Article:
(Fwd) Oligochaetes Paranais frici and Potamothrix vejdovskyi

Geoff Read g.read at niwa.cri.nz
Thu Mar 15 15:26:27 EST 2001


FYI. Does anyone have  information on the status of these? GBR.

------- Forwarded message follows -------
Date sent:      	Thu, 15 Mar 2001 10:04:32 -0800
To:             	marbio at mote.org
From:           	"Paul Fofonoff" <fofonoff at serc.si.edu>
Subject:        	marbio: The oligochaetes Paranais frici and Potamothrix vejdovskyi on the East Coast of North America
Send reply to:  	"Paul Fofonoff" <fofonoff at serc.si.edu>

Dear marbio-ists

I'm trying to find out about the distribution of two fresh-brackish water 
oligochaetes in estuaries on the North American East Coast.  Paranais frici 
and Potamothrix vejdovskyi have been included in species lists for 
Chesapeake Bay, done as part of power plant and other environmental 
monitoring programs.  P. vejdovskyi has been reported from the Potomac 
since the early 1970s, and P. frici has been found in the Potomac and 
other Bay tributaries since at least 1989, according to the Chesapeake Bay 
program database, http://www.chesapeakebay.net/  Unfortunately, these 
references and databases contain no information on how the identifications 
were made.  I plan to contact people at Versar, Inc., and Old Dominion 
University, Norfolk VA, for information on this.  

So far, I've been unable to find any other records of these oligochaetes in 
Atlantic Coast estuaries.  Both species are known from the Great Lakes, 
and P. frici is widely distributed in fresh-marine waters on the West coast.  
P. frici also on a species list of oligochaetes in Great Smoky Mountains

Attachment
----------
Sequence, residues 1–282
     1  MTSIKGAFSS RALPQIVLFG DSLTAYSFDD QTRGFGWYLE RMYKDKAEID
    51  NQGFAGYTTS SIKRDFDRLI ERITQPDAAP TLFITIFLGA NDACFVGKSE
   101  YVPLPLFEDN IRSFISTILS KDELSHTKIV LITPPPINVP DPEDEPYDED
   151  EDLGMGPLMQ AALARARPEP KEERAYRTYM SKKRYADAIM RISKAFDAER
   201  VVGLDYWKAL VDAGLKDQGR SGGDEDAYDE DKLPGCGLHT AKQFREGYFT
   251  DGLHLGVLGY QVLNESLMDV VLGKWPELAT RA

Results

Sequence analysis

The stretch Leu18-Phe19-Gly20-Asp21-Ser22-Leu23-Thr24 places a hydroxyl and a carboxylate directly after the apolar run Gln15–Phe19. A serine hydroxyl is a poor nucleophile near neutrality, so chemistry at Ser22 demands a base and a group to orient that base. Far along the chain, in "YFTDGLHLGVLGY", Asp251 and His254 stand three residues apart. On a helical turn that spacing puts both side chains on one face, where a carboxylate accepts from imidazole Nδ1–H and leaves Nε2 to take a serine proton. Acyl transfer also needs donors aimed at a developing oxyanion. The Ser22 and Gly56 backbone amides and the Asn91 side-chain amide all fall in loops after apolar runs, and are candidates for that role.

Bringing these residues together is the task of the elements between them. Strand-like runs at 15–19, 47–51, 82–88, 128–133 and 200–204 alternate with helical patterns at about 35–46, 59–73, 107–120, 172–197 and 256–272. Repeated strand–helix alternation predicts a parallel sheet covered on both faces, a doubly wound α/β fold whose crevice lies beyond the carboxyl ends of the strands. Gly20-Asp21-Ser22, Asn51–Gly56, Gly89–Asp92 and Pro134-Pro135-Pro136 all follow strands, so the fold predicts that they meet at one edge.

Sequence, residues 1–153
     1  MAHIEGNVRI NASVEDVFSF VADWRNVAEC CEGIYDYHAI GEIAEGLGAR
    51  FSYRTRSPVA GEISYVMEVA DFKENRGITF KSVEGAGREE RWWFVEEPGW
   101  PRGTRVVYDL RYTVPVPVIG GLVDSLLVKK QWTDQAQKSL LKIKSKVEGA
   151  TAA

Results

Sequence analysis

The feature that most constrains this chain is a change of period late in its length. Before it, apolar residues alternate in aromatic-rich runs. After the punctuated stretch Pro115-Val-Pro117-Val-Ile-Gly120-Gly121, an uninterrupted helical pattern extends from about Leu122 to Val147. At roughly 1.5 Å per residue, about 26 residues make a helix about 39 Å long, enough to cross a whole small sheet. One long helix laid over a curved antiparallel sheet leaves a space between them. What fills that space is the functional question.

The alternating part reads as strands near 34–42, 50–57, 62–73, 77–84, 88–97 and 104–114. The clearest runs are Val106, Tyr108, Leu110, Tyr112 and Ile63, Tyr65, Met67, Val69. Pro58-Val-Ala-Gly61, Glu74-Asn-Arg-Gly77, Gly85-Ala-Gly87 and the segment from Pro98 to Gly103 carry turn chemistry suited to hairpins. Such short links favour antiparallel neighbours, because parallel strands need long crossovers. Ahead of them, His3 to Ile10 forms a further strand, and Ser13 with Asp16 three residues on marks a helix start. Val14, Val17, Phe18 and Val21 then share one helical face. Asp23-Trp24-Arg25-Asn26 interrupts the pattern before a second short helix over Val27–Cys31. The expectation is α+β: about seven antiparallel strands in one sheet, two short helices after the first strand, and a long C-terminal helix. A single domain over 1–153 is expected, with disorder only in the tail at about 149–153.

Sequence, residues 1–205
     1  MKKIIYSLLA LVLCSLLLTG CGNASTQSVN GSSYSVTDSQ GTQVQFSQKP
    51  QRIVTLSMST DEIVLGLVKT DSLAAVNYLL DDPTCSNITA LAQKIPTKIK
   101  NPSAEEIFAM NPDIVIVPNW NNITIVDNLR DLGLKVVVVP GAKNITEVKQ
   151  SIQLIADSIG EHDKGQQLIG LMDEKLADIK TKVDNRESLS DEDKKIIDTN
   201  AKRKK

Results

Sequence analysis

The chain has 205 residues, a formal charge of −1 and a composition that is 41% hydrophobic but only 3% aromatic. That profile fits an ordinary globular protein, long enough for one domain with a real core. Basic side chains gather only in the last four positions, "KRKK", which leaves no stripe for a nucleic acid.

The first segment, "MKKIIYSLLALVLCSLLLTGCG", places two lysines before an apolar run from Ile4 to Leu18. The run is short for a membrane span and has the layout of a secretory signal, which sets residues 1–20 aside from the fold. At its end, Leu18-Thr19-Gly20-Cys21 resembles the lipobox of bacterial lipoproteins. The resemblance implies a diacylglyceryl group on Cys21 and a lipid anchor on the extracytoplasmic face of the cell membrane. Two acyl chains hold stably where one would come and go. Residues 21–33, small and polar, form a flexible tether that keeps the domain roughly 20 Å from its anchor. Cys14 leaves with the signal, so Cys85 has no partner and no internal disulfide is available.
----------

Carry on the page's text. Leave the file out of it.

National Park (http://www.inhs.uiuc.edu/~mjwetzel/AqAnnel.GSMNP.html).  
Oligochaetes seem to be one of the many groups of invertebrates whose 
records are rlargely confined to "gray literature" at least in the US.  

In Europe, these species are regarded as Ponto-Caspian invaders, which 
have been spread into northern and western Europe by canals and 
shipping.  In North America, where oligochaete studies began later, there 
is less certainty about their exotic origin, owing to their present widespread 
distribution.  So we're trying to decide whether to include them on our list of 
introduced species in the Chesapeake Bay.  We may list them as 
cryptogenic species, of uncertain origin.  

Thanks for your help,

Paul

Paul Fofonoff, Ph.D.
Smithsonian Environmental Research Center
P.O. Box 28
(647 Contees Wharf Rd.)
Edgewater MD 21037


------- End of forwarded message -------


-- ANNELIDA LIST
   Discuss  =  <annelida at net.bio.net> = talk to all members
   Server =  <biosci-server at net.bio.net> = un/subscribes
   Archives  = http://www.bio.net/hypermail/annelida/
   Resources = http://biodiversity.uno.edu/~worms/annelid.html
--




More information about the Annelida mailing list